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61iva2-e5vl-_sx327_bo1204203200_Wendy C. Ortiz could be called a bruja in the sense that she is a conjurer, a master of creating an illusion of reality and interchanging it with fiction where she sees fit. Having written the memoir Excavation in 2014 and her self-described “prose poem-ish” memoir Hollywood Notebook in 2015, there hardly seems like a better choice than her to create a “dreamoir”, an elegant pastiche of the reality of a life lived and the unreality created within the subconscious. Bruja, which has just been released on October 31st from Civil Coping Mechanisms, is exactly that, in an ambitious and beautiful form. Ortiz chronicles a period of her life through the uncanniness of her dreams, which blends together fantastical elements and people from her waking life. The result is a strangely relatable magical realism, charting the highs and lows of her day-to-day living through the frustrating ambiguity of dreams.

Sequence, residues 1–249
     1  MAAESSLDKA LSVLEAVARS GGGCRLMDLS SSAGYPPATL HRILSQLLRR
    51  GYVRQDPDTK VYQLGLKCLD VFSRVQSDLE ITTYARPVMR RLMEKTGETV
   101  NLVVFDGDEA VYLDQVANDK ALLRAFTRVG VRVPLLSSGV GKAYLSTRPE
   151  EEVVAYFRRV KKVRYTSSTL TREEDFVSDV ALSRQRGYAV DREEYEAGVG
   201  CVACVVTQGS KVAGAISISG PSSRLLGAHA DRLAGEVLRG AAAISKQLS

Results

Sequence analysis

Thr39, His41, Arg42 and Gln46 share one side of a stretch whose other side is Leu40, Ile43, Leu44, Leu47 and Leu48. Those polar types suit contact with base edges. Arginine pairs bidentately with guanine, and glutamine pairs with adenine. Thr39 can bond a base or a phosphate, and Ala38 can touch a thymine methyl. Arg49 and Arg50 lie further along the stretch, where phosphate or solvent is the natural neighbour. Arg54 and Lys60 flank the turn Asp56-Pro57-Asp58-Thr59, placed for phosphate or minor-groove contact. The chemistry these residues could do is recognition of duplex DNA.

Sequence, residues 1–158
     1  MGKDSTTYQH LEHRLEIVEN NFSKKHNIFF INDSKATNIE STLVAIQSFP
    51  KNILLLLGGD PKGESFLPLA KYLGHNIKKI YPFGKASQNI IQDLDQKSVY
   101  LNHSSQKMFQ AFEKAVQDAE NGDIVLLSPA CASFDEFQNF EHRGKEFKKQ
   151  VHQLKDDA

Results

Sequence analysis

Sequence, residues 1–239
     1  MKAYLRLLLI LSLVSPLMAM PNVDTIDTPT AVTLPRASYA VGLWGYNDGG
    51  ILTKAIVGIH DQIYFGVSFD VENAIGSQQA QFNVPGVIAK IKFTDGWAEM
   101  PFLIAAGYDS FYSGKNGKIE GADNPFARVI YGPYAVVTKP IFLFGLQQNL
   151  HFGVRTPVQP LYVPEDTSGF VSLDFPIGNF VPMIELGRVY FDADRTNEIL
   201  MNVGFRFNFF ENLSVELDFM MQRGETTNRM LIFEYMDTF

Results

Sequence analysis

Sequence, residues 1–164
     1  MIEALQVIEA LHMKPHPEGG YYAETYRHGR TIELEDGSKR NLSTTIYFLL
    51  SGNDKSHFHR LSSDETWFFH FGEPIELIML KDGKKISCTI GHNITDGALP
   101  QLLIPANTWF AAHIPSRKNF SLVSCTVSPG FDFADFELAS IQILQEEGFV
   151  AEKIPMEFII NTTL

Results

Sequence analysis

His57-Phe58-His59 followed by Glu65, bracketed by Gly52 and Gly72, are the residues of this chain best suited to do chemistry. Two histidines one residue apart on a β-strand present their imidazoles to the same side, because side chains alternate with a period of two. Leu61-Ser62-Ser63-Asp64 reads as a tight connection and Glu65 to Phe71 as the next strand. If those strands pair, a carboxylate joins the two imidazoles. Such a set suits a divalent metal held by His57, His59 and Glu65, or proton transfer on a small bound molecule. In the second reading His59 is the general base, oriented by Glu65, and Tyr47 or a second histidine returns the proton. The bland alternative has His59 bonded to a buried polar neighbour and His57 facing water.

“To be without a feeling for art is no disgrace. A person can live in peace without reading [novels] or listening to [music]. But the misomusist does not live in peace. He feels humiliated by the existence of something that is beyond him, and he hates it. There is a popular misomusy… The fascists and Communist regimes made use of it… But there is an intellectual, sophisticated misomusy as well: it takes revenge on art by forcing it to a purpose beyond the aesthetic… The apocalypse of art: the misomusists will themselves take on the making of art; thus will their historic vengeance be done.”